Katrice M. Campbell
Adam Bazini, PhD, LMHC
July 12, 2014
Table of Content
Part I: DSM-5 Diagnosis
Part II: Ethical and Multicultural Issues
Part III: Case Study
Bipolar disorders are marked by mood instability, with resulting phases of manic (euphoria, increased energy, hyperactivity, irritability, or insomnia), and depression (loss of interest, sleep difficulties, despair, and hopelessness.) (Falvo, 2009) Bipolar Disorder usually begins in adolescence or young adulthood; it has been noted as late as in the early forties and children younger than age thirteen. (Falvo, 2009) Bipolar Disorder is separated into four different categories: Bipolar I Disorder, Major Depressive Episode, Bipolar II Disorder, and Cyclothymic Disorder. (DSM-5 Task Force, 2013)
The disease of Bipolar Disorder is a very complex but not unusual disease. The cause of bipolar disorder is not completely known. Genetic, neurochemical and environmental factors probably interact at many levels to play a role in the onset and progression of bipolar disorder. The current thought on this matter is that Bipolar is a predominantly biological disorder that occurs in a specific part of the brain and is due to a malfunction of the neurotransmitters (chemical messengers in the brain). As a biological disorder, it may lie dormant and be activated spontaneously or it may be triggered by stressors in life. No one is sure of the true causes of Bipolar disorder but researchers have found that there are links and clues which researchers have found. Researchers have found the following information:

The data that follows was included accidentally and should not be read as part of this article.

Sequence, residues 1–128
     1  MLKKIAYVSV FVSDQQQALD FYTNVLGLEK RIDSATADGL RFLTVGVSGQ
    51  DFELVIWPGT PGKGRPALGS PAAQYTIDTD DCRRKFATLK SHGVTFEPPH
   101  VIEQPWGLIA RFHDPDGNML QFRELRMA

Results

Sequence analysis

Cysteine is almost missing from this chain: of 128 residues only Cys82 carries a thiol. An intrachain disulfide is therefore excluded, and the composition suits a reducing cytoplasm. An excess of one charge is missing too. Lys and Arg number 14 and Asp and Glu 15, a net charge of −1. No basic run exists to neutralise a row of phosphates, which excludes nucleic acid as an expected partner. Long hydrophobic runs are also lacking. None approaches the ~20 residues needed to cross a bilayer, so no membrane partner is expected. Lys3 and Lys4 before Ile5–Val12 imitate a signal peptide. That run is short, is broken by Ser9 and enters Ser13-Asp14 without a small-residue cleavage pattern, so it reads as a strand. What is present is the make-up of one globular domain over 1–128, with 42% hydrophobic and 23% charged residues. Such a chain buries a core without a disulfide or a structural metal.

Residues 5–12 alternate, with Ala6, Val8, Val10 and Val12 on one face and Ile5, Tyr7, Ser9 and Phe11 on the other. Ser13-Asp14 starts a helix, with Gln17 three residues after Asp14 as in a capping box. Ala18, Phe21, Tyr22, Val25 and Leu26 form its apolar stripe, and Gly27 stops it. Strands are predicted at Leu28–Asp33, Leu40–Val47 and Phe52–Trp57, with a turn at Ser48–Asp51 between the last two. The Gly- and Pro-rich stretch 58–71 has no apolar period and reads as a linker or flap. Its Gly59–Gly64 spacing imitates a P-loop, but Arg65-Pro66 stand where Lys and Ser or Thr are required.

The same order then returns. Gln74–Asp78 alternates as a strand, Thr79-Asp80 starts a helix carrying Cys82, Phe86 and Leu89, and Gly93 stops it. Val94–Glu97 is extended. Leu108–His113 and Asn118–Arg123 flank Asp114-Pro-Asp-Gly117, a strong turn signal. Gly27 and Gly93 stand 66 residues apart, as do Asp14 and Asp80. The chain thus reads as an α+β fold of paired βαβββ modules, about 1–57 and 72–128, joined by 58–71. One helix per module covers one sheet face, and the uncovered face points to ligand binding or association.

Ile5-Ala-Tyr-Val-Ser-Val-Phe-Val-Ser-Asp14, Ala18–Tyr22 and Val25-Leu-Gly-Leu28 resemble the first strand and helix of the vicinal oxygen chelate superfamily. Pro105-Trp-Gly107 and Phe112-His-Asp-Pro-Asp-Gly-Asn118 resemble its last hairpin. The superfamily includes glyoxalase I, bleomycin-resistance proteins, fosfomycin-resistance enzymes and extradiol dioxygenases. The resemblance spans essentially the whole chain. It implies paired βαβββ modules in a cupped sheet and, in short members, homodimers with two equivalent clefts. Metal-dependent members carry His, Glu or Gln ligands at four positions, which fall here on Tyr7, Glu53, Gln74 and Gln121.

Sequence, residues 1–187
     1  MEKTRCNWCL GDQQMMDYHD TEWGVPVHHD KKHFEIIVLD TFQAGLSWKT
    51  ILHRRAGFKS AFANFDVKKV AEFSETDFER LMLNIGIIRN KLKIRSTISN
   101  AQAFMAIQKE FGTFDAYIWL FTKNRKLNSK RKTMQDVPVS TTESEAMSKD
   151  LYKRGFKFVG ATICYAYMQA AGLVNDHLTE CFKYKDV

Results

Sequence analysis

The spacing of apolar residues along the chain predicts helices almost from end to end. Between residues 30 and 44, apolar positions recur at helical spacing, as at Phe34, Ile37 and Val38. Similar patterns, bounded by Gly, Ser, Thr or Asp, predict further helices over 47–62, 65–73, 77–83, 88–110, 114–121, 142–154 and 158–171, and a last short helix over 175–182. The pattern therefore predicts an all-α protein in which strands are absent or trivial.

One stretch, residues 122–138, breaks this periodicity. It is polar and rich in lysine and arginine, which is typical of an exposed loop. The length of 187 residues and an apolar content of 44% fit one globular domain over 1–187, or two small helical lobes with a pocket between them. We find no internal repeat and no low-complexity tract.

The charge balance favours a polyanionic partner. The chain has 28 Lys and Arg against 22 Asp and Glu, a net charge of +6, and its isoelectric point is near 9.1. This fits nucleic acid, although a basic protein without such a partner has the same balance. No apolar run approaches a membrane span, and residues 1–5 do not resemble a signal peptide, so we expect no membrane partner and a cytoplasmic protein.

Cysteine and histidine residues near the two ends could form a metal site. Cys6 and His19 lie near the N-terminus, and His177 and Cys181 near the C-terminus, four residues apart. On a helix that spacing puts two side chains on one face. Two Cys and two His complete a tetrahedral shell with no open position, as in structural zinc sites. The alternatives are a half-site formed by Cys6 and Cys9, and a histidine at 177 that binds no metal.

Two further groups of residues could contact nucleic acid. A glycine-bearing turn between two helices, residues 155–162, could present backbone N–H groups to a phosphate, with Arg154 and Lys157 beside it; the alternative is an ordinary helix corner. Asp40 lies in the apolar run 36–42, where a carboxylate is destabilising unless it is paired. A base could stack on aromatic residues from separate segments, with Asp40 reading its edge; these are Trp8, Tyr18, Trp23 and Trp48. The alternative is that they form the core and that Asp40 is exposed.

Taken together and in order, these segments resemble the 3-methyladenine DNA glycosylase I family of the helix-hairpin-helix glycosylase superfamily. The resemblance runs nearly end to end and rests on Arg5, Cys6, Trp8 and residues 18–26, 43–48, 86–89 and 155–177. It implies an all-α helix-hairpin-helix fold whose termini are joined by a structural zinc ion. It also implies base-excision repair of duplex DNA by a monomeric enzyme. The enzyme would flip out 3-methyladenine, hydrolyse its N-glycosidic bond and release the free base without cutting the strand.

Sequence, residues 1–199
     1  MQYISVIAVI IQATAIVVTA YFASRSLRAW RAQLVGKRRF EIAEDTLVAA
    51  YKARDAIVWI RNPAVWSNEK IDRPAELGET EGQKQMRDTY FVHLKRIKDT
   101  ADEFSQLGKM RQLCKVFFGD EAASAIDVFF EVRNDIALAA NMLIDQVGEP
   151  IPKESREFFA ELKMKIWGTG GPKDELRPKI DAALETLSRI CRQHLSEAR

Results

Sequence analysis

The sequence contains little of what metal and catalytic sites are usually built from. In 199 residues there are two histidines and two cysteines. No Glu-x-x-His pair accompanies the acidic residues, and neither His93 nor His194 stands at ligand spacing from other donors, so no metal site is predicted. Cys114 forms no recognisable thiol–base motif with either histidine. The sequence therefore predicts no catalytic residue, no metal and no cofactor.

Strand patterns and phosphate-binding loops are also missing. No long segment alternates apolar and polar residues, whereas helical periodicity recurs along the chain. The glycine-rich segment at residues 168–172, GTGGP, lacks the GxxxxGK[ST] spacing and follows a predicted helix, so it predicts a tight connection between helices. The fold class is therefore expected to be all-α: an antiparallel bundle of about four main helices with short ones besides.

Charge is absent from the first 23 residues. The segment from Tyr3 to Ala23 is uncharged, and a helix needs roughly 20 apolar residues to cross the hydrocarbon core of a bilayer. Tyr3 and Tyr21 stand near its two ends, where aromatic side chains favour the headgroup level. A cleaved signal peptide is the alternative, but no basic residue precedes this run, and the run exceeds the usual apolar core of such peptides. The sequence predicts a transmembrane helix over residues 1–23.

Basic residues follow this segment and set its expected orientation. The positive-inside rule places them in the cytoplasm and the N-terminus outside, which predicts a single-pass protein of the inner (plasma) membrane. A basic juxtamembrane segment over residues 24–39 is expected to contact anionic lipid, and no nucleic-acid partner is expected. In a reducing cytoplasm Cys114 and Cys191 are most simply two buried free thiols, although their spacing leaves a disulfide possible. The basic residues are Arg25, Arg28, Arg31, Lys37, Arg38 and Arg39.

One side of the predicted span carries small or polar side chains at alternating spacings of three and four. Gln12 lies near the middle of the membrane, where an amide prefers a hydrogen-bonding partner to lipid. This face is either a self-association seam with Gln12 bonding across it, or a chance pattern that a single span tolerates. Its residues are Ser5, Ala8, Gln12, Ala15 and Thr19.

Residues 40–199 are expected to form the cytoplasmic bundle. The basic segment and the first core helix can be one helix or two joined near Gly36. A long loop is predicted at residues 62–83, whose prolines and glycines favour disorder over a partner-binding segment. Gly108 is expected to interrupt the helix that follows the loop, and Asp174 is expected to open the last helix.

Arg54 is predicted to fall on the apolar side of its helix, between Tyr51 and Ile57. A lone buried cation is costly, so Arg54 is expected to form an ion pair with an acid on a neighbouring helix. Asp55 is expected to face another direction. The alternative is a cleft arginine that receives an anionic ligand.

“•Bipolar disorder tends to be familial, meaning that it “runs in families.” About half the people with bipolar disorder have a family member with a mood disorder, such as depression.
•A person who has one parent with bipolar disorder has a 15 to 25 percent chance of having the condition.